A Stress-Free Christmas!

Christmas can actually be a very stressful time for your pets. With all the hustle and bustle and extra visitors to the household, increased noise, changes to routine, festive fireworks etc.

Alison Laurie-Chalmers, Senior Consultant, Crown Vets Inverness

Cats particularly can be very easily stressed and several common disease conditions are caused or made worse by stress and Christmas can be a very stressful time of year for them.

Examples of things which can cause stress to a cat include:

  • Changes in the members or numbers including visitors (human and otherwise) in the household
  • Changes in the household environment, such as putting up Christmas decorations!
  • A stay in a Cattery over the Christmas holidays.

Stress in cats often does not look like stress in humans and as a result stress behaviour can be misinterpreted as bad behaviour. Signs include:

  • Increased scratching behaviour (this is the cat marking his territory to reassure himself)
  • Increased urine territorial “marking”
  • Over-grooming
  • Increased aggression
  • Inactivity, and withdrawn behaviour

One very common illness in cats which has known association with stress is idiopathic cystitis which is part of the FLUTD complex: Feline Lower Urinary Tract Disease. Cats which are stressed for any or all of the reasons above are much more prone to developing cystitis. Having to compete for food or share a litter tray with other cats is a particular factor. If there is more than one cat staying in a household there should be one tray per cat, plus a spare tray kept in a different area of the house to try and reduce litter-tray stress.

If you think that your cat may have cystitis it is important to seek veterinary advice, particularly if your cat appears to be in any distress and struggling to pass urine.

There are several things which we can do as owners to reduce the stress in our cats. As well as minimising stress triggers described above, any cat which appears to be suffering from stress can benefit from the use of pheromone sprays which can be used as a spray, or as a plug-in device, placed where the cat spends most of his or her time. These pheromone sprays are available from your Vet and are synthetic copy of the facial pheromone which cats use to mark their territory. It provides a familiar and reassuring scent which helps your cat to feel safe and secure in their environment. There are also now oral anxiolytic treatments which can alleviate the stress symptoms.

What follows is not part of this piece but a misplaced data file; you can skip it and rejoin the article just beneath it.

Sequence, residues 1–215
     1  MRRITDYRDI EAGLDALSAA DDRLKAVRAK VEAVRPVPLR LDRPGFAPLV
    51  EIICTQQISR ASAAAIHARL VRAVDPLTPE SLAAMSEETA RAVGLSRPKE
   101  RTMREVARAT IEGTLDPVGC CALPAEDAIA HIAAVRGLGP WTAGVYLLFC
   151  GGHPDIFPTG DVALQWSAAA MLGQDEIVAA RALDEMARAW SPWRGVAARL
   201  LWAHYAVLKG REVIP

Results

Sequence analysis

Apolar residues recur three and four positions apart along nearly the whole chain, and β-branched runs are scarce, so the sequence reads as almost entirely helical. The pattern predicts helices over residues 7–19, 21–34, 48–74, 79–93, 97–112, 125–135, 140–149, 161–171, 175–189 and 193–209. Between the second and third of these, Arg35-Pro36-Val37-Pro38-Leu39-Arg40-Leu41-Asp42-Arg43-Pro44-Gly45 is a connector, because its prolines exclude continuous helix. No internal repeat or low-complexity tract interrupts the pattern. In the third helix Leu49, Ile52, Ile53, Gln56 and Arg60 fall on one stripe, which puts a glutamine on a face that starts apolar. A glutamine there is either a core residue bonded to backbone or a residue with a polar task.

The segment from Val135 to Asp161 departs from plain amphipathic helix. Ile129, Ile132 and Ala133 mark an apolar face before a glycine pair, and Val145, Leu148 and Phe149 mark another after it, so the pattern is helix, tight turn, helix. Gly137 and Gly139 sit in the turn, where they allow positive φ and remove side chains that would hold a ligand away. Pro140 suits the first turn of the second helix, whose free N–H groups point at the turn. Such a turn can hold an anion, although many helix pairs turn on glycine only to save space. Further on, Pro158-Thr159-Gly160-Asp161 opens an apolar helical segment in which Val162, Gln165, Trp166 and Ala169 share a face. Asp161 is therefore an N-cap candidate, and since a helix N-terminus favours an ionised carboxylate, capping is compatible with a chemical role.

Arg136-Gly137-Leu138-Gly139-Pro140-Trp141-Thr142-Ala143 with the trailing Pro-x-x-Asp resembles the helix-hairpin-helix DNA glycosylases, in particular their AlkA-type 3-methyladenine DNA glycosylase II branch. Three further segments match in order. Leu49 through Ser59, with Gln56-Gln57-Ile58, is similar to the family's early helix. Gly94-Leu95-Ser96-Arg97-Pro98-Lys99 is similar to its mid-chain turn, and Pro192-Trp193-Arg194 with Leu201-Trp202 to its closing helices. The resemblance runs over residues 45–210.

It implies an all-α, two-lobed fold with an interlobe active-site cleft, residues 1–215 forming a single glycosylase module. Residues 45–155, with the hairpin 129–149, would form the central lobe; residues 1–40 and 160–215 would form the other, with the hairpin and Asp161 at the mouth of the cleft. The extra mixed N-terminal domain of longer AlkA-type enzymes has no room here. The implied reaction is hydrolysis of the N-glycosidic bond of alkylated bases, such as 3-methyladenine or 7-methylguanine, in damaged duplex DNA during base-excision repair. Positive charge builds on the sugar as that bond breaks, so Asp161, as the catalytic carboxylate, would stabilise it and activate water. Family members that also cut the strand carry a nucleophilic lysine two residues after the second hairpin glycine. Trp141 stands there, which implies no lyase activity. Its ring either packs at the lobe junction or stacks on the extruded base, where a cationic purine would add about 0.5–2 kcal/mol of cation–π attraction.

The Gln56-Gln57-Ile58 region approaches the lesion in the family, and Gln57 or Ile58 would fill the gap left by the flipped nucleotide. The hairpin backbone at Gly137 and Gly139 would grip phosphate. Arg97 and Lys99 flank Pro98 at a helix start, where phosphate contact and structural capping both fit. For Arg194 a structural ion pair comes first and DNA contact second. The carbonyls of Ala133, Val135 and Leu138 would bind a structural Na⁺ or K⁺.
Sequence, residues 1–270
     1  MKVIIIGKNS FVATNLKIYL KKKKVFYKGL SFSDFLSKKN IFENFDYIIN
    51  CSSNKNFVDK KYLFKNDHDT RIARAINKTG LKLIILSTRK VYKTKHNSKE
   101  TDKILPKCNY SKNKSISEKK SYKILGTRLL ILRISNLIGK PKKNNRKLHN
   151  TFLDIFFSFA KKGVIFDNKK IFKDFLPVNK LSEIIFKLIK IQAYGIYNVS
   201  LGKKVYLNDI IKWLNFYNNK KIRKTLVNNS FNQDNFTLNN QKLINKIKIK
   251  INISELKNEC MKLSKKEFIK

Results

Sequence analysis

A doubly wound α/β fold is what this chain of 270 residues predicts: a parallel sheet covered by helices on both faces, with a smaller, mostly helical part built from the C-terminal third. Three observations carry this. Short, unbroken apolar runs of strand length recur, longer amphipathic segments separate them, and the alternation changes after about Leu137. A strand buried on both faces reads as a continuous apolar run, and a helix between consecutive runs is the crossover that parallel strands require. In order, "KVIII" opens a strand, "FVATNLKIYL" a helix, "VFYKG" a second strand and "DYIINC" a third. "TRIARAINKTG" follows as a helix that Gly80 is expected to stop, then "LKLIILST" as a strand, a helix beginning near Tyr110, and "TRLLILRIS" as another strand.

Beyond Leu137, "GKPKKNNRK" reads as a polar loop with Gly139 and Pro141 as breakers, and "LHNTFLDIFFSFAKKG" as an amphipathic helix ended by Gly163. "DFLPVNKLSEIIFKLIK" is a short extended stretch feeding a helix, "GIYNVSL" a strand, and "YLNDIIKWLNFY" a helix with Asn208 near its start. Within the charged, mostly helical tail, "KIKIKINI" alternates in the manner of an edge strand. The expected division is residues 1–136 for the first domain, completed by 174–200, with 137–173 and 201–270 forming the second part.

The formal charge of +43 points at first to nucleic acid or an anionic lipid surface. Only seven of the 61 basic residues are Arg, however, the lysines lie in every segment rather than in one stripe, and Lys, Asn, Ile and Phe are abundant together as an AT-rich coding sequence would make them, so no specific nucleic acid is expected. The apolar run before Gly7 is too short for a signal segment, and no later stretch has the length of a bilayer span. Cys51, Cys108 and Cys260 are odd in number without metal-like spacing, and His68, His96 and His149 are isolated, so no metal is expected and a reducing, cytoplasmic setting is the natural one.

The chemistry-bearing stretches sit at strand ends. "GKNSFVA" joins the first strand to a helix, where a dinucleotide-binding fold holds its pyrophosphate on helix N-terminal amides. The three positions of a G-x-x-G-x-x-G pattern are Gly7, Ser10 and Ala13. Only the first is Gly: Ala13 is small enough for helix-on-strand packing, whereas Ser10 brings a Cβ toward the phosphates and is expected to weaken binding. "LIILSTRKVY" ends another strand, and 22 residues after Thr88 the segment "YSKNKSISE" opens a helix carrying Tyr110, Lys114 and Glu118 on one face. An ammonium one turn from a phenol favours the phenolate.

Dogs also suffer from stress too and as with cats, the behaviour they exhibit can be misinterpreted as bad behaviour. Stressful situations for dogs can include:

  • Stays in Kennels
  • Staying home alone
  • Travelling
  • Fireworks
  • Visitors to the household.

Dogs can often reflect their stress in submissive, fearful behaviour. Some outward signs of stress can be:

  • Hiding away and submissive behaviour
  • Aggressive behaviour
  • Soiling in the household
  • Destructive behaviour
  • Off food or changes in their normal appetite.

Again, Pheromone Sprays and Plug-ins and oral anxiolytic treatments are also available for dogs and should be used well in advance of any predicted, stressful times ahead ...

Please do phone the practice for any advice regarding these products before the busy Christmas and New Year period to keep your pets happy and stress free.

Have a very happy and stress-free Christmas!